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Confessions of a Recovering Chronic Patient

Updated on May 27, 2020

part one - the fall

Up to the age of 50, I had my problems, but ya fix it and go on. Double spinal fusion, cataracts, gall bladder removed and a non-cancerous tumor on an ovary. Okay, these things happen. But it was asthma that destroyed me.

I developed asthma when pregnant with my daughter, but I figured that the pregnancy, plus a very messy divorce, were adding hormones and stress to the mix. Women are constantly being told to grin and bear pain, from the time of their first menstrual cramps to child birth. My mother was no exception. Sore throat? Fever? Unless you vomit, you go to school! I would sometimes go to school just so the school nurse would send me home.

After a few years of living in the lush environment of southeastern Connecticut, my allergies to mold, mildew and rabbits started becoming obvious, and ended with me spending a week in the hospital three to four times every year. Previously, I could get a shot of adrenaline and the whole episode would be over. But after the age of 40, the brilliant medicos will not administer adrenaline because it taxes the heart. Well, guys, so do the medical bills! And I couldn’t convince them that I have the heart of a Tibetan Yak.

So they would give me a breathing tube with albuterol in it, which is like trying to bring down an angry rhino with a wet noodle. Hence, admission, and another week lost in the white refrigerator. I got to know all the nurses in the pulmonary wing by name and family.

One time I was admitted into the ICU, but in 2-3 days was ready to move to ‘my crew’, but there were no regular beds available, so I stayed there until my release. That was one of the more interesting visits. At one point, we were locked down – seems someone was playing cops and robbers with real guns outside the hospital.

As I start recovering, I try walking to see how well my lungs are behaving. While in the ICU I did this and stopped at the nurses’ desk to ask a question. I thought the poor girl was going to have her own crisis – she was not accustomed to her patients walking and talking! This started an ‘afternoon tea’, when the nurses would hang out in my room and chat, happy to have a patient who was not comatose.

Thus began my career as a chronic patient.

a holiday - the ambulance ride
a holiday - the ambulance ride

part two -- down into the pit

When you reach the age of 50, doctors decide that you have one foot in the grave and the other foot on a banana peel. All of a sudden you need dozens of annual tests – colonoscopy, pap smear, prostrate check, mammogram, EKG, sugar test, bone density and CBC. If you are an executive, your company may send you for all this. If not, and you show up at the doctor’s office for a cough, they will rope you into all the tests they can get past insurance – they will even make the appointments with specialists to ensure you don’t cop out. According to the doctors, you are on the verge of falling completely apart.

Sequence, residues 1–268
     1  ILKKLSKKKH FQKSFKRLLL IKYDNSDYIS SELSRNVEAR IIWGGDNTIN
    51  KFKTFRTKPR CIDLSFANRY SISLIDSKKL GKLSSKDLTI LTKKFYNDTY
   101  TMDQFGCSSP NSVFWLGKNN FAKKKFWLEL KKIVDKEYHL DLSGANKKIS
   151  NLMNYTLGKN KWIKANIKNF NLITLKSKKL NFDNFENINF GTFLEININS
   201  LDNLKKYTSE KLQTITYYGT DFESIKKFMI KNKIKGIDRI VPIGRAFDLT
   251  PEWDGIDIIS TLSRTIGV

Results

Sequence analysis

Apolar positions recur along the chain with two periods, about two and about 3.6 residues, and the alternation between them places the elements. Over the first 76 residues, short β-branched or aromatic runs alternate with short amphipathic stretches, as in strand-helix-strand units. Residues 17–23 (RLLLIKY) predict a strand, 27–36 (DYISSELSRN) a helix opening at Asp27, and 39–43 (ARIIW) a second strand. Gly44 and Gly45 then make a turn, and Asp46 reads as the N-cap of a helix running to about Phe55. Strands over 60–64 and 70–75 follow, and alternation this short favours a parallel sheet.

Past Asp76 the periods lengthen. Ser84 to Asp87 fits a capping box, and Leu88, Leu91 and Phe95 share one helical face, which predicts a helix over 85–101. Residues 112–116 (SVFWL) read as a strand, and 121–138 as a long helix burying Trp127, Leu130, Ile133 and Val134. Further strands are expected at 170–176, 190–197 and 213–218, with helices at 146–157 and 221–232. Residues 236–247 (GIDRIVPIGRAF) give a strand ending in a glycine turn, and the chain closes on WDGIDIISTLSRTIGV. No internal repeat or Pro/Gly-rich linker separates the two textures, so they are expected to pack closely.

By this age, my asthma was pretty chronic. I kept telling the doctors it’s allergies – I even had identified some of the triggers. But they wouldn’t even entertain the idea until I’d quit smoking for six months. In southeastern Connecticut, the doctors don’t believe in allergies; when I finally insisted on being tested, I was sent to a pediatrician who also does allergy testing, where I was told I don’t have any reactions.

I was spending 7-8 days in the hospital at least four times a year. The only treatment other than oxygen was to pump me full of the soooooooper steroid, solumedrol. I would be sent home with a taper prescription of prednisone. And usually a dose of antibiotic, assuming the bronchitis may be contagious. My pulmonologist even gave me an open scrip for prednisone so I could dose myself and hopefully prevent a hospital visit – also, to take when traveling so I wouldn’t need to trust foreign hospitals. Once, I spent a whole year on a low dose of prednisone.

To strengthen my belief that it was allergic asthma, I even identified the times of the year involved – November (I spent quite a few Thanksgivings in the hospital), February, April and May. I had regular bouts of breathing difficulty, so a true asthma attack would creep up on me until I had blue lips. I got to know the ambulance crews and EMTs on a first-name basis. I never did figure out the right time to go to the emergency room until it was too late.

When I asked why I was still getting asthma, the answer was that I have COPD. So, what is COPD? I researched it and Chronic Obstructive Pulmonary Disease covers a multitude of not-yet-diagnosed breathing problems and includes chronic bronchitis and emphysema. Scary. I did have bronchitis a lot. But then, congestion is a typical allergic reaction. And since then the label of COPD was tacked onto my record, which has caused me grief constantly from health-related agencies such as insurance companies and medical certifications.

I was sent to pulmonary rehabilitation, which convinced me things could be a lot worse, and it is possible to exercise with asthma – I was piling on weight at the rate of ten pounds a year.

The side effects of steroids followed me everywhere – a lump on the back of my neck, dark “age spots” all over, shaking, a “moon face” (hides wrinkles but made me look even fatter), mental confusion at times, and erratic emotions.